For continuously collected data, the calculation of percentage overreality was developed using time window analysis. Intervals of one second are imposed on the data streams of two observers and comparisons of seconds are made between them. If both data sets show an event (for discrete behaviors) or a second of common occurrence (for behaviors measured over time), this is counted as a concordance. Every second that a single record contains an event or behavior is a disagreement. The percentage of match is calculated by diverging the number of chords by the number of chords plus disagreements. MacLean et al. (1985) understood that their algorithm was too strict for discrete event data. Therefore, they recommended allowing tolerance for counting agreements by broadening the definition of a chord to observations when one observer records an event within the ± t seconds of the other observer. In the research articles studied, t ranged from 1 s (e.g. .B.

Romaniuk et al., 2002) to 5 s (z.B. Lalli, Mauro & Mace, 2000, experiment 3). Partial match in IOA intervals. To get around the described disadvantage, associated with using the IOA algorithm for the total number, the partial concordance in intervals approach (sometimes referred to as the “average number per interval” or “block by block”) breaks down the observation period into small intervals and then examines the concordance in each interval. This increases the accuracy of the compliance measure by reducing the likelihood that the total censuses were inferred from different events of the target responses within the observation. By breaking down the example of observation in Figure 1 into small steps/intervals (15 m intervals), the partial compliance approach calculates the IOA per interval and divided by the total number of intervals. In this case, IOA would be 50% (or .5) for interval 4, 100% (or 1.0) for intervals 5 to 14 (both agreed that 0 target response appeared at each of these intervals), but 0% for intervals 1 to 3 and interval 15. Therefore, the partial concordance approach would be calculated at regular intervals by adding the IOA values (in this case 10.5) to the total number of intervals (15), resulting in a more accurate and lower percentage (70%) of the IOA than the 100% figure obtained with the total counting algorithm. Duration-based IOA algorithms evaluate the concordance between the timing data of two observers. These measures consist of (a) the total duration and (b) the average duration per presence. Table 3 summarizes the strengths of both algorithms.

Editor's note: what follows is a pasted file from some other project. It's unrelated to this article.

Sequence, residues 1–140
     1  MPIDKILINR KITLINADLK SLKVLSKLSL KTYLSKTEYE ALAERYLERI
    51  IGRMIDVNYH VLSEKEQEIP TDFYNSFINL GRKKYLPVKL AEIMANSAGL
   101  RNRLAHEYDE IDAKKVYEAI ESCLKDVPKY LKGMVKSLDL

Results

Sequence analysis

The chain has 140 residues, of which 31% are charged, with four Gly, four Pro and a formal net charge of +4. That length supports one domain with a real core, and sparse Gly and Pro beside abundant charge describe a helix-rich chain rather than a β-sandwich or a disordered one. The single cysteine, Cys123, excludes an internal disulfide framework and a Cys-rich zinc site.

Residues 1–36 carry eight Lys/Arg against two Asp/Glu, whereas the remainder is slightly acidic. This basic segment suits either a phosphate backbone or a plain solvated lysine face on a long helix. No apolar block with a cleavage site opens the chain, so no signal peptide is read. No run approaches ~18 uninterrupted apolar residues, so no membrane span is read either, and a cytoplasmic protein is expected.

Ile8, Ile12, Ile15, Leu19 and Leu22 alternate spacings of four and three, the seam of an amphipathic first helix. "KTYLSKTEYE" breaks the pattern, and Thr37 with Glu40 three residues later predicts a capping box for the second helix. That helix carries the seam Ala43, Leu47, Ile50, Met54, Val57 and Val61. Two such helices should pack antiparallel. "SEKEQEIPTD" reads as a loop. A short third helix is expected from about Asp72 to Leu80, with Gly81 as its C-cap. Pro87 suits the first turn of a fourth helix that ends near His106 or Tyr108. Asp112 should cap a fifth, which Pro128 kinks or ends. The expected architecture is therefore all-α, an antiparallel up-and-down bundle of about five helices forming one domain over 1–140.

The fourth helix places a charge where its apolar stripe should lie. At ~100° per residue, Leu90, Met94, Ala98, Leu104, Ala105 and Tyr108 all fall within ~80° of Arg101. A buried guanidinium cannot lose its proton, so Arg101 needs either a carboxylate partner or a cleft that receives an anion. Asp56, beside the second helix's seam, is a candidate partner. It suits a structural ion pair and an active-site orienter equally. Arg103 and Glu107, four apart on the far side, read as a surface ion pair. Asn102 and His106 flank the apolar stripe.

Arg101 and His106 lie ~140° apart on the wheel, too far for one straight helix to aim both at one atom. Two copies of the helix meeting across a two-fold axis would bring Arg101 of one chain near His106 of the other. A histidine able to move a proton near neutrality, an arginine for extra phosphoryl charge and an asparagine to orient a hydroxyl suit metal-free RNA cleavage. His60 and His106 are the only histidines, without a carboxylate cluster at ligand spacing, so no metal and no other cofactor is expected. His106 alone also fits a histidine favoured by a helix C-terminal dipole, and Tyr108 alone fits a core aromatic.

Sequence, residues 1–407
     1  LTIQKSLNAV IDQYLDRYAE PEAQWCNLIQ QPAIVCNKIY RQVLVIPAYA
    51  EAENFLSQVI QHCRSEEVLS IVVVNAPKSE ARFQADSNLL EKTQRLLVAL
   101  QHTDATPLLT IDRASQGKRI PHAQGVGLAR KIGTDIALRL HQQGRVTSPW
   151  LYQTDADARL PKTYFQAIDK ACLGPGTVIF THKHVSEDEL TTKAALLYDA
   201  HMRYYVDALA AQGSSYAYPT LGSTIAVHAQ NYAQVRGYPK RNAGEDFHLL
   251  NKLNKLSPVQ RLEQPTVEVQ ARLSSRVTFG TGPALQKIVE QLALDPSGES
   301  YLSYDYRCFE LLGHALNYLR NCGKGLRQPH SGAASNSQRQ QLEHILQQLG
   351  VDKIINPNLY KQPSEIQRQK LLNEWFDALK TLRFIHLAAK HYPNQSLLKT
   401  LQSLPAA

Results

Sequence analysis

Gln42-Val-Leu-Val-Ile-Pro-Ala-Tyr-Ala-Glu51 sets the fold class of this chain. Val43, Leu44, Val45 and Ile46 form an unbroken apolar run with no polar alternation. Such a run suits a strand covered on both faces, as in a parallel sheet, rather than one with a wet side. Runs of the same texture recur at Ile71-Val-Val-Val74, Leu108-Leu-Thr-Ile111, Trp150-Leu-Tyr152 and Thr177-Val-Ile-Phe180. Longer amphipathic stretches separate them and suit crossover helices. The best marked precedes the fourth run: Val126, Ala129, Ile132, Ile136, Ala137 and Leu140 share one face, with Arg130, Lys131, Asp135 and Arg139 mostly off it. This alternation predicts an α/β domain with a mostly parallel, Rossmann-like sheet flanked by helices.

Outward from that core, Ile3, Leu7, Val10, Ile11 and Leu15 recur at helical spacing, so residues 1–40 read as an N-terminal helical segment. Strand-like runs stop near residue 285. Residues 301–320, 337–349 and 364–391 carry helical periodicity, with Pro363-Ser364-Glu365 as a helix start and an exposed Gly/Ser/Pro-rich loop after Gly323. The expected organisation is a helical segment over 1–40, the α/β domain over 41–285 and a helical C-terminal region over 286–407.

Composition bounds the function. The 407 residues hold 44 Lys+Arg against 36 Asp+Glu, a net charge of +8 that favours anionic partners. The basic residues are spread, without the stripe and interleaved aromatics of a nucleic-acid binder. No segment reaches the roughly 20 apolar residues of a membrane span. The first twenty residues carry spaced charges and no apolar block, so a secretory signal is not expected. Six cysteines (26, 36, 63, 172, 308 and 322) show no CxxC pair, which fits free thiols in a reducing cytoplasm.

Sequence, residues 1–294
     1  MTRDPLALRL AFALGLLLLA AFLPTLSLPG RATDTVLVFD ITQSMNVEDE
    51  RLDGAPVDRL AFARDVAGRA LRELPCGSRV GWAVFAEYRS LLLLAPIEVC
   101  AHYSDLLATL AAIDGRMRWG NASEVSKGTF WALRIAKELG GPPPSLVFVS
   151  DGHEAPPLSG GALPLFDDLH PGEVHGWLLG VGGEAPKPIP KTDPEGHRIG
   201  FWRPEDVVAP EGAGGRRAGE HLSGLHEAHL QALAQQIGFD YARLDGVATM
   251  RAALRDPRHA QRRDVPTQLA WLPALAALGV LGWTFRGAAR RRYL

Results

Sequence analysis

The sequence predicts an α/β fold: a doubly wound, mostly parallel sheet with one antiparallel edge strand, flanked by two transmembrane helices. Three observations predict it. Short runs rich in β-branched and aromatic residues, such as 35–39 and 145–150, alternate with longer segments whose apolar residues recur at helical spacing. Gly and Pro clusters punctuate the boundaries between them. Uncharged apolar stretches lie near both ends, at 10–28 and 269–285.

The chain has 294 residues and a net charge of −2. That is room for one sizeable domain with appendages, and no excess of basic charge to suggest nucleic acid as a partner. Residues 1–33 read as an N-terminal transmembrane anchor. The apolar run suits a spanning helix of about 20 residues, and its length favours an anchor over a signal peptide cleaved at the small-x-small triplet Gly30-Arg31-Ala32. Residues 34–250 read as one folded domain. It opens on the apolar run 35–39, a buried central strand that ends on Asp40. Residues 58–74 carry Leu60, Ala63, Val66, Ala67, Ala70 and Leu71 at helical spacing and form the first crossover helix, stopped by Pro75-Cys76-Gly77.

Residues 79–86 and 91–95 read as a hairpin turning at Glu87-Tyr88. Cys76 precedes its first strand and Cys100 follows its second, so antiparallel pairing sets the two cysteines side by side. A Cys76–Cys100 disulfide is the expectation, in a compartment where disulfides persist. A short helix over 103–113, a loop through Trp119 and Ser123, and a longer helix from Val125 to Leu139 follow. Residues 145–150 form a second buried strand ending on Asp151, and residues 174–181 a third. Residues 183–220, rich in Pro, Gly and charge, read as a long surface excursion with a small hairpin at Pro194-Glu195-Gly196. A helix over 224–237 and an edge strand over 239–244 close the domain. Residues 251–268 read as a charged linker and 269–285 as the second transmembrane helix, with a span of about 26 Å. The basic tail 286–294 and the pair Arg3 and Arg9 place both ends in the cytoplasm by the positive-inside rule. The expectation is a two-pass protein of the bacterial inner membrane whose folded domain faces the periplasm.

Consider as a common example of a time-based IOA the hypothetical data flow shown in Figure 3, in which two independent observers record the duration of a target response across four deposits. Interobserver`s compliance for the review process was assessed according to a stratified procedure in which approximately 20% of the articles at each level were randomly selected for independent review by the second author….

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